Why My Passion for Theatre Grew in the Face of the Pandemic

The pandemic hasn’t been easy on anyone, and we all wish we could go back to normal times. I can't help but miss my friends, hugging, sleepovers, and in-person office hours. But most of all, I miss theatre.

top-down photo of filled theatre seats Alev Takil/Unsplash When Boston University first announced its shutdown, I was thrown into a panic about how theatre could possibly survive. I’m in a theatre club, I’m a theatre minor, and I work at a theater on campus! As sad as I was that shows would be cancelled if we weren't on campus, I knew that theatre would still exist in the long-run. That is, until everything went from bad to worse.

I quickly realized that I could no longer rehearse with friends or spend days and nights building a set. I couldn’t even see live theatre.

But what I didn’t know was that while I was moping, my extracurricular theatre group was planning.

In May, the Stage Troupe executive board announced their summer series—all online, from anywhere in the world. I didn’t think it would work. I didn’t think theatre online could possibly move people the way it does in person. I signed up to participate anyways. How else was I going to see all my friends?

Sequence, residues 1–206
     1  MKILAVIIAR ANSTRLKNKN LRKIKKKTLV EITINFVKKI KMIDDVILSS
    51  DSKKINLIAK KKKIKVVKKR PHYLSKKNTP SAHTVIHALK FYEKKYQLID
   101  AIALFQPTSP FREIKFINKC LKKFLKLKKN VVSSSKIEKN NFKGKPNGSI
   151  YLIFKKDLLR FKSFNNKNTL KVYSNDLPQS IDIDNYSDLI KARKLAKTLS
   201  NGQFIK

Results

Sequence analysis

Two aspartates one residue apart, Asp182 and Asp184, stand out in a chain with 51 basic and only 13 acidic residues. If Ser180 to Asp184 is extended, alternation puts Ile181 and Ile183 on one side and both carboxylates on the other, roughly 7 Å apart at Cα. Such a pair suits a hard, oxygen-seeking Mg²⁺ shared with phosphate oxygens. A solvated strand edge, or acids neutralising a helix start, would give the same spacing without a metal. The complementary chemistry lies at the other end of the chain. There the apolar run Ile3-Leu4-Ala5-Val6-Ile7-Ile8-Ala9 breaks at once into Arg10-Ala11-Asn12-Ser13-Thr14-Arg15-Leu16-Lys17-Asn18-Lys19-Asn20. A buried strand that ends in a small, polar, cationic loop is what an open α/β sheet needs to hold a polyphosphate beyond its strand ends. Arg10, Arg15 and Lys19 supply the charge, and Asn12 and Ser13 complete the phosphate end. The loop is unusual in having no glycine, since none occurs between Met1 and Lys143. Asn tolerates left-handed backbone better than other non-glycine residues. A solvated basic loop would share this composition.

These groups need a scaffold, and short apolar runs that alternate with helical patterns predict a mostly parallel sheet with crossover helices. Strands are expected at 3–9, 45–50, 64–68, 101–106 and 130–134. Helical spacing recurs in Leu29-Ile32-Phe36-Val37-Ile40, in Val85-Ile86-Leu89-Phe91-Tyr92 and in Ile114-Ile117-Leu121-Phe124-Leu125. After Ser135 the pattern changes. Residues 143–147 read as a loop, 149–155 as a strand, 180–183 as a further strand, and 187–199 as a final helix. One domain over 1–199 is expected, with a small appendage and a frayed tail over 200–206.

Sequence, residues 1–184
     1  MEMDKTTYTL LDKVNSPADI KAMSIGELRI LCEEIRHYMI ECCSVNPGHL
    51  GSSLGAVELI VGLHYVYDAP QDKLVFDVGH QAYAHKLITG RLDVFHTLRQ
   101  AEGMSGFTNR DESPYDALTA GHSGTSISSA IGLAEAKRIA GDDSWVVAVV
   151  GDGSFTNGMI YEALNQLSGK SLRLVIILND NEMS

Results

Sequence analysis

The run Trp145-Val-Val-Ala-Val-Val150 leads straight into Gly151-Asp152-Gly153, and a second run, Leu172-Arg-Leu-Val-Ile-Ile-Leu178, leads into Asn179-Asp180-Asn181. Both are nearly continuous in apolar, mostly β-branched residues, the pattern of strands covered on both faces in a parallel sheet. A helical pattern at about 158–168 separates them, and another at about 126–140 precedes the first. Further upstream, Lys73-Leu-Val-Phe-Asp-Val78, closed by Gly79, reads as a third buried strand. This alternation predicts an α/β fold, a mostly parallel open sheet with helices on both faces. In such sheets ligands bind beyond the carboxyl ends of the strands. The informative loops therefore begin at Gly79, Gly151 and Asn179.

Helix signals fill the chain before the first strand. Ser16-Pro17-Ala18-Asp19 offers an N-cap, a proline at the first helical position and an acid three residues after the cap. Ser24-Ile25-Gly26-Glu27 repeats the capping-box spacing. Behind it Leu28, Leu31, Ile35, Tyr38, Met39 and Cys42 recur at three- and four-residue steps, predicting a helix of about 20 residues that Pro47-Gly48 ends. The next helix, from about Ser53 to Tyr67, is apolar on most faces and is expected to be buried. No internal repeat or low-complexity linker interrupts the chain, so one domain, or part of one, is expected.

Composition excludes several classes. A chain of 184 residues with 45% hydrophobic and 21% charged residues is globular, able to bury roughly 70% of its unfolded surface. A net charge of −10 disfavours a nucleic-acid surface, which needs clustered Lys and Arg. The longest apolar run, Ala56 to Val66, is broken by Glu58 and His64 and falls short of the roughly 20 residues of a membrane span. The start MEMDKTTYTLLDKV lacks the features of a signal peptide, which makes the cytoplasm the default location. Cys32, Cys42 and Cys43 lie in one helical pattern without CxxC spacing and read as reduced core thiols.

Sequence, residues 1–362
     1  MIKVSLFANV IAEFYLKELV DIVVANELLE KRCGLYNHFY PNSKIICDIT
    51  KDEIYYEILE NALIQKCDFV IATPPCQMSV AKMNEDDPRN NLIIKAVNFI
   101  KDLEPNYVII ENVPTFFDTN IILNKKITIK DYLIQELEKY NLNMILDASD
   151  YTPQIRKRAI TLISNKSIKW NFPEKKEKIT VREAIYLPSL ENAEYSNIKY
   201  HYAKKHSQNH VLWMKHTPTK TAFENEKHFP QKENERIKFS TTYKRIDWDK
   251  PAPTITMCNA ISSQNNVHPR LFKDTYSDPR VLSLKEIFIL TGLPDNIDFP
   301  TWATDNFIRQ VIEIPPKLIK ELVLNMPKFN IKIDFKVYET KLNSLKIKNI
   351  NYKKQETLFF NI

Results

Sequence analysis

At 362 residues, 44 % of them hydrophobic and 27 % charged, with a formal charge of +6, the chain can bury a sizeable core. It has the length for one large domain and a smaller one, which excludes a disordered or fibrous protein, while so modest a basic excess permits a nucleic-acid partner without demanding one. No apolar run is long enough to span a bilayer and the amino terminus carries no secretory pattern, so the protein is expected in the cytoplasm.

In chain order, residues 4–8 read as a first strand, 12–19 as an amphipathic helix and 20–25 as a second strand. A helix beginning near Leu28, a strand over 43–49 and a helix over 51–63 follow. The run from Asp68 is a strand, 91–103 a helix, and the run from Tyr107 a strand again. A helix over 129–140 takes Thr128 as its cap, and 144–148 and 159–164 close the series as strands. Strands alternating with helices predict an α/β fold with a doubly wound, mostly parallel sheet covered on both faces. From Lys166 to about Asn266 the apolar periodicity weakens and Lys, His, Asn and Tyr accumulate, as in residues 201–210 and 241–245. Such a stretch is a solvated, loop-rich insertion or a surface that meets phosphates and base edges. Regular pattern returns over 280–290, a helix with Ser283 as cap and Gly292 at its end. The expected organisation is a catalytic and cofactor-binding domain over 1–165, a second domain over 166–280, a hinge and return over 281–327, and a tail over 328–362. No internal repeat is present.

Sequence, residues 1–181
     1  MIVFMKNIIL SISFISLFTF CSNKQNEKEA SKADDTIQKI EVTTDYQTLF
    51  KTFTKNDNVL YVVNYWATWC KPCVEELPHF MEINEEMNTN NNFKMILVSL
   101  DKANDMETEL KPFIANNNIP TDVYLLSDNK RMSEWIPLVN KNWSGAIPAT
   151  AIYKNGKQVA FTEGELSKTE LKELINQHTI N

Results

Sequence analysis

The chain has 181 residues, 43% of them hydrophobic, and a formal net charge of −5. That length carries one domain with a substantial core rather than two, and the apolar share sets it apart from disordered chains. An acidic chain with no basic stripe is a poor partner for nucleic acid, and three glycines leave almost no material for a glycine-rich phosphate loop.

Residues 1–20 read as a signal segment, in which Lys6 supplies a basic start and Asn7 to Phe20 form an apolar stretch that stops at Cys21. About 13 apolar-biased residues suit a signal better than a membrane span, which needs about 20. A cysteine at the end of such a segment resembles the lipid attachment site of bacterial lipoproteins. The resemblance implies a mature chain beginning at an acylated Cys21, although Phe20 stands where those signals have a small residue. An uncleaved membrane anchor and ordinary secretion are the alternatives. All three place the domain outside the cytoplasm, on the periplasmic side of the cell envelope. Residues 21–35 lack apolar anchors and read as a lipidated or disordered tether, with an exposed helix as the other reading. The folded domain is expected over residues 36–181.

And then, it started. Hesitant as I was, I laughed at rehearsal with my friends. I cried after stressful deadlines. I spent hours on Zoom talking about backgrounds, sound, costumes, and props. I watched people act and sing and I was moved by their performances. 

I was back in the theatre. And somehow, my passion for theatre grew. 

I found that theatre means feeling connected with others, even when that connection is endangered by a pandemic. From watching 30 little screens become one, to watching Hamilton go up on Disney+, to playwriting alone in my room, theatre was still there.

red curtains on a stage Photo by Gwen O from Unsplash My dream is to teach theatre someday. It is something that makes me happier than anything else in the world. I thought that the pandemic would lead me to lose valuable time honing my skills. And yet, I got more experience in one virtual summer than I ever did in person! I technically directed a full-length play, I co-wrote a script in 4 hours, and I solo directed a one-act play—all online.

I don’t know when live theatre will come back into our world. I do hope it’s soon, but I know that art of any kind doesn’t need physical interaction. All it needs to continue is human connection. 

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